Vice’s head of content outlined a series of steps to improve working relationships with freelance journalists in a memo Thursday responding to a CJR story on the company’s mistreatment of freelancers.
In the memo to Vice’s global editorial staff, Ciel Hunter acknowledged the CJR story drew attention to “weak spots that do need fixing” and asked editors to treat contractors just as they would employees.
“Always remember that Vice and freelancers depend on each other,” Hunter wrote in the memo.
Here’s the note in its entirety:
Hi VICE editorial and freelancers,
As you may have seen, yesterday the Columbia Journalism Review published a story about VICE and our freelance practices.
We’d like to use this opportunity to address questions surrounding the story, detail new steps we’re taking across editorial to improve the working relationship we have with our freelancers, and to restate best practices that need to be followed when working with freelancers, who are a crucial part of what we do at VICE.
As you all know, VICE is a rapidly expanding company, and as we grow we can—and must—improve the experience of working here, both for for full-time staff and for freelancers, which is why we’ve worked so closely with the new editorial union. While many of the complaints highlighted in the CJR piece date back to 2014 and 2015, before we mandated best practices and overhauled our accounts payable department, they do point out weak spots that do need fixing, which we’re currently addressing.
It’s our goal to make VICE the best place in the industry for freelancers to work, here are some concrete steps we’re taking to make that the case.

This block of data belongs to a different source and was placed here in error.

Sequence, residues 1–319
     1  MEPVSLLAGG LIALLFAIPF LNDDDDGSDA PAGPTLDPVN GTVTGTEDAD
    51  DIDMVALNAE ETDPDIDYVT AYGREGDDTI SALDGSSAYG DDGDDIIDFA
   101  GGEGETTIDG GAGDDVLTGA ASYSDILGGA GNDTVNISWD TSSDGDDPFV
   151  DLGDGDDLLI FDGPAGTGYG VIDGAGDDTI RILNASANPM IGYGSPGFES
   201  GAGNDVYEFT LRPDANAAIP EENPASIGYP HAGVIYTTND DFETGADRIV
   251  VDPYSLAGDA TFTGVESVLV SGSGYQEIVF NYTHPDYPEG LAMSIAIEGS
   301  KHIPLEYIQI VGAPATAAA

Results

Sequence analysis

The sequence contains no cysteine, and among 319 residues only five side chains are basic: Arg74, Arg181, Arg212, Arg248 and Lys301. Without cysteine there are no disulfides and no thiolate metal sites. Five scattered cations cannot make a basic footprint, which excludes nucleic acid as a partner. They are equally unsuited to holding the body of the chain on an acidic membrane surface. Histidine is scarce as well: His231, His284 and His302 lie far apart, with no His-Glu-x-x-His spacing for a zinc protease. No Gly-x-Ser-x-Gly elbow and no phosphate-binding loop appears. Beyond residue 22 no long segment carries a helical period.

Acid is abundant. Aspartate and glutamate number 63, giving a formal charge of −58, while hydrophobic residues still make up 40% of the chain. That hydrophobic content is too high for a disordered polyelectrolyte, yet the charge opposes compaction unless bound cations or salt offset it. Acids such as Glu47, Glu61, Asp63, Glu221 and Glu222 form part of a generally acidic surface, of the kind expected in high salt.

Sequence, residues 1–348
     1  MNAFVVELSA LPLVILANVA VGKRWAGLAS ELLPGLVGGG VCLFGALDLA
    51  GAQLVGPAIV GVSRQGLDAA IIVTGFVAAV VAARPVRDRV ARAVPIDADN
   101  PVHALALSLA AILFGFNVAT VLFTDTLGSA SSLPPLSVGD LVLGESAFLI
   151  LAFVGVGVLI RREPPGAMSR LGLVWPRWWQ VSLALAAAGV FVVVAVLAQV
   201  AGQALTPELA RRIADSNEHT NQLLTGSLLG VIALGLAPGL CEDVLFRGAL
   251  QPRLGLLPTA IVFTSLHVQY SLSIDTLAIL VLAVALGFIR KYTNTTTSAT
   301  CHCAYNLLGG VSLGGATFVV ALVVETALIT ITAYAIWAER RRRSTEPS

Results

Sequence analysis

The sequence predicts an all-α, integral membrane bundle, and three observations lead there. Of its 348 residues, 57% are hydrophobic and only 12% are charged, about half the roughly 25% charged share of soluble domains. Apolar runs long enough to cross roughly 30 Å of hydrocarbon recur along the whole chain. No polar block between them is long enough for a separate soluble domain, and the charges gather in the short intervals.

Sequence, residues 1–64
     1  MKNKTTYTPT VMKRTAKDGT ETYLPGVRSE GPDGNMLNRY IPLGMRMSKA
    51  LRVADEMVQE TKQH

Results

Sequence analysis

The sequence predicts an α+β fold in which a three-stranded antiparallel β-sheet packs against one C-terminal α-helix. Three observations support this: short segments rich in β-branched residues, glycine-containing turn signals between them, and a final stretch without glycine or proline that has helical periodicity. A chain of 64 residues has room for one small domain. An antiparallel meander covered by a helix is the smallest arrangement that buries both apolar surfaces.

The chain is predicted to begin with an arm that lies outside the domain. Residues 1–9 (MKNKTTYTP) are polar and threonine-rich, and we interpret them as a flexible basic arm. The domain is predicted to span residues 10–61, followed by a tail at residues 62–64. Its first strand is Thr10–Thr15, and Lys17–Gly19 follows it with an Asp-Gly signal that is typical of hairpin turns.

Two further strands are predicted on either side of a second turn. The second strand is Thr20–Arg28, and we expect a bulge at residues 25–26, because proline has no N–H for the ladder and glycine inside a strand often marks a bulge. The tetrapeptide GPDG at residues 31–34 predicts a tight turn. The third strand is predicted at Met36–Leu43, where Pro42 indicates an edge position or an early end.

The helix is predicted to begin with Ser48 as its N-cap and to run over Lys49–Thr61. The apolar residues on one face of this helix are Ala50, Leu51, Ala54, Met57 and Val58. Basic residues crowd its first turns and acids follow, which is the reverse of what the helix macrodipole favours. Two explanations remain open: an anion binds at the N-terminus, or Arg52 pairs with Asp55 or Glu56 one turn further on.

Improvements we’ve made or are in the process of making:
- In recent months we hired a payroll company for freelance producers, Cast & Crew, to ensure swift payment.
- We’ve simplified invoicing to make it easier for both editors and freelancers, and we’ve hired new leadership in the Accounts Payable department, which has resulted in substantial improvements in how quickly and accurately freelancers get paid.
- We are also implementing new time-tracking and expense-reimbursement processes that will be much more user-friendly for everyone.
- This fall we are investing in a new comprehensive HR system that is expected to be up and running in the early part of 2017, which will drastically improve our recruiting, on-boarding and feedback to all VICE employees, including freelancers
We’d also like to restate the following best practices, which are mandatory for everyone:
- Once a project has been commissioned, editors are expected to return emails or phone calls from that freelancer within two business days even if just to acknowledge receipt.
- When assigning work to a freelancer, expressly state the scope of the project and maintain clear communication until the project is done. Any follow up questions from the freelancer regarding payment or anything else are your responsibility.
- To avoid potential confusion, document everything in writing—payment terms, scope of assignment, etc.—and make sure both parties have access to the records.
- If you are talking to multiple freelancers about a specific assignment, clearly detail for specific freelancers whether it is a formal assignment or still in review process.
- If for some reason a commissioned piece doesn’t work out, we will pay a reasonable kill fee.
And finally: always remember that VICE and freelancers depend on each other, so when a freelancer is working with VICE, that freelancer should be treated with the respect as if he or she is a VICE employee.
Please reach out to me with any questions and suggestions, as always.
The Editors are the staffers of the Columbia Journalism Review.